What happens if a civil case is incorrectly filed? Is there recourse to request that the case be dropped and make the petitioner refile the case?

For example, in Indiana, a petition for a protective order must be accompanied with a statement by an affidavit, but it seems that judges often schedule a hearing for these petitions without such a statement. Can the respondent do anything if such a statement is not attached? If there is an affidavit, then isn't it the right that they should know their statement before the hearing?

The second example is about if there is obviously contradictory information in the filed case. To use a petition for a protective order example again, suppose that the petitioner checks the box that violence has happened, but then claims latter that violence did not happen and that they are filing the petition for harassment. Does this not fail to properly notify the respondent to what is being claimed against them? (Also, isn't this an obvious case of perjury?)

  • 1
    Not familiar with Indiana but the petitioner could seek leave of the court to address the issues and then refile once corrected. Alternatively, any case that is dismissed can be refiled unless it is dismissed with prejudice. Judges will often do that if a file is lacking required information.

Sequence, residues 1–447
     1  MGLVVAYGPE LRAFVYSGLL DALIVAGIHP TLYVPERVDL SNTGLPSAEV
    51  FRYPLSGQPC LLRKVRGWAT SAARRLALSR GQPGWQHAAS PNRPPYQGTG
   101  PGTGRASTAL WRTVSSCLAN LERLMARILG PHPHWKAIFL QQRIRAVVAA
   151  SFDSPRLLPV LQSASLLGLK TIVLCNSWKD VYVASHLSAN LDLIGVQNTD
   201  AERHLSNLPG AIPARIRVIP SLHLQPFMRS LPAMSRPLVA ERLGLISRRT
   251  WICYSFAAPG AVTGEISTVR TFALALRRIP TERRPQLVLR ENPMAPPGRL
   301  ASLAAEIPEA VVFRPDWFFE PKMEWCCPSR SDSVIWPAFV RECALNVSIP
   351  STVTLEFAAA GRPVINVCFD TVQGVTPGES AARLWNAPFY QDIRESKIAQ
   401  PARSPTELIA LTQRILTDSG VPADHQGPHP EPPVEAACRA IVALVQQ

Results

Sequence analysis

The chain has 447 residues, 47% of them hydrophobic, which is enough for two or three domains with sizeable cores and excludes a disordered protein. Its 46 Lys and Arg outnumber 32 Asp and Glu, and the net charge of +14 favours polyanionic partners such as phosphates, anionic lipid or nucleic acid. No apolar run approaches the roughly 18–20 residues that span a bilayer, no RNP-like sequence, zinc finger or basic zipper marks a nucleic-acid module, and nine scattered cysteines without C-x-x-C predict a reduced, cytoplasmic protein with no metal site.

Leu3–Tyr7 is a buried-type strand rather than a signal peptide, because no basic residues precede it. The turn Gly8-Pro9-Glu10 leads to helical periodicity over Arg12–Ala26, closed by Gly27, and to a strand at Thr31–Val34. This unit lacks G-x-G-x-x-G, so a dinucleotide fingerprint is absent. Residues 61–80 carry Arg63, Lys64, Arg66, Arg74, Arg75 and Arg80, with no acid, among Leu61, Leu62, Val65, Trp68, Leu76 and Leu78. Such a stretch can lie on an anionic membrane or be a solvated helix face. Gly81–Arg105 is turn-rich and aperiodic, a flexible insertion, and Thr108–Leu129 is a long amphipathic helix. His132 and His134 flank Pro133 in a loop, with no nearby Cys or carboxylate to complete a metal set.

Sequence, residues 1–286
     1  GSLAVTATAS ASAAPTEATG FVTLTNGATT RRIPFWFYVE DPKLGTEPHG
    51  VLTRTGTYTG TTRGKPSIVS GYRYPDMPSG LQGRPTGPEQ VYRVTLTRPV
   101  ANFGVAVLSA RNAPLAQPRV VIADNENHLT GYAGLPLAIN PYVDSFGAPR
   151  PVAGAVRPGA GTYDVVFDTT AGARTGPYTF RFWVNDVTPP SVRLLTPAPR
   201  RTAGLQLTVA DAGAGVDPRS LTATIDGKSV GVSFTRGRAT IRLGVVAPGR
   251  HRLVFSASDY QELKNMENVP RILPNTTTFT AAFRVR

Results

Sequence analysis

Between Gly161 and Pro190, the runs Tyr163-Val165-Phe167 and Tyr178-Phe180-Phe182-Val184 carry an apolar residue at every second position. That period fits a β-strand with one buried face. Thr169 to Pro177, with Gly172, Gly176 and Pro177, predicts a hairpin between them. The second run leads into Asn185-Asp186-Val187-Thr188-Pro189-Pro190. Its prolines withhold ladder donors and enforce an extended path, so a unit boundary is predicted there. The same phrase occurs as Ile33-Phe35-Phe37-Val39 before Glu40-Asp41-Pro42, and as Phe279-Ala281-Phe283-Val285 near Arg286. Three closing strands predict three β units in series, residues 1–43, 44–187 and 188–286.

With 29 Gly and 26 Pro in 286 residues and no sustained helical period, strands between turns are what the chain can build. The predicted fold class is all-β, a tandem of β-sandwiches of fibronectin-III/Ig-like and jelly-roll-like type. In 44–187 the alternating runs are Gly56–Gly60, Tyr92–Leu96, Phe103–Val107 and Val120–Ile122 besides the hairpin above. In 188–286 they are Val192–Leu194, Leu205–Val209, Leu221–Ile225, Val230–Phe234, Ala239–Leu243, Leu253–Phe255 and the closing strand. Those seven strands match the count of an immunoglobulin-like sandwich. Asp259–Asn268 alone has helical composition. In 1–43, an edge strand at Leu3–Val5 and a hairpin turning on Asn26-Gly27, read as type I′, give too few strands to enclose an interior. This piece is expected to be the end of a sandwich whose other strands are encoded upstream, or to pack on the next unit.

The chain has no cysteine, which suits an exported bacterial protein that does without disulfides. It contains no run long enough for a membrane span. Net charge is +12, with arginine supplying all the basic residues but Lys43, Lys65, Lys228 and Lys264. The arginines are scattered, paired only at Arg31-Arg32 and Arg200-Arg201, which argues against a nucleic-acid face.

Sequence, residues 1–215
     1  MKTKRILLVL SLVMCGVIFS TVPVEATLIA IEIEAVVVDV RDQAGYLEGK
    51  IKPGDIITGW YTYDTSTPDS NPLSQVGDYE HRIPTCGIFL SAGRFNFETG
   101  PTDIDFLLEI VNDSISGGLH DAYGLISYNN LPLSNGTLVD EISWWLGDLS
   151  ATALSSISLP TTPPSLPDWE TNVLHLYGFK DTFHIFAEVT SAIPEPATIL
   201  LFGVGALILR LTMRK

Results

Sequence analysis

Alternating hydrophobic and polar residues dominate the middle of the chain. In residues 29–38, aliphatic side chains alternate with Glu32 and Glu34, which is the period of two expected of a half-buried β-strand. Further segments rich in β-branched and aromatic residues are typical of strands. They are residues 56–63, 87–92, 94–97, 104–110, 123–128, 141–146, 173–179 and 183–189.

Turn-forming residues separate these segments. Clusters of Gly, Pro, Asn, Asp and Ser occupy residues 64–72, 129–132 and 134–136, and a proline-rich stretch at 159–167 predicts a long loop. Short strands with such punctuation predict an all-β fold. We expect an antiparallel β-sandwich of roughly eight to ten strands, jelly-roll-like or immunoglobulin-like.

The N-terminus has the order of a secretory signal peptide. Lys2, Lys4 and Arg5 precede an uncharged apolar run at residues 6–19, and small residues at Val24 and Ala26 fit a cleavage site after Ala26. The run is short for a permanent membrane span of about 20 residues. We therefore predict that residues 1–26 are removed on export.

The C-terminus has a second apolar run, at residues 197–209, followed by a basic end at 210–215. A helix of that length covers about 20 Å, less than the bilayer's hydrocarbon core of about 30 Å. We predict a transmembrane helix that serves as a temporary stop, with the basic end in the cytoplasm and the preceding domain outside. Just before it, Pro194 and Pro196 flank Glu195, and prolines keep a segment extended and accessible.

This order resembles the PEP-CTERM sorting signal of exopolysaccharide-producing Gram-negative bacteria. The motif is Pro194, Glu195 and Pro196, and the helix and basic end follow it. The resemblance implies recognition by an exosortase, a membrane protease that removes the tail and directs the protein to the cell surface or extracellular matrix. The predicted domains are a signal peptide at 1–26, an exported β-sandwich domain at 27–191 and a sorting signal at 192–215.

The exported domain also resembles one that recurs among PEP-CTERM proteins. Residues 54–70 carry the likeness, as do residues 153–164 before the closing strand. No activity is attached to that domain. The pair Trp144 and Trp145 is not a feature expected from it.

– hszmv
    Nov 9, 2022 at 22:30
  • 1
    As for purgery, that is the case where someone makes a sworn statement with intent to knowingly deceive the court in the nature of material fact. Statements made in error may frustrate the court, but not intentionally do so. If you said something happened on a Friday when it was actually a Thursday, it's not that your lying, but you might have misremembered (maybe you took that Friday off and remembered, It happened on the last day of work that week... it must be on a Friday.).
    – hszmv
    Nov 9, 2022 at 22:34

1 Answer 1


If the case is filed improperly, the opposing party should file a motion to dismiss.

If the opposing party merely disagrees with the allegations, they will likely have to litigate to address those differences. The inconsistency is not an obvious case of perjury, because it could just as easily be a clerical error.


You must log in to answer this question.

Not the answer you're looking for? Browse other questions tagged .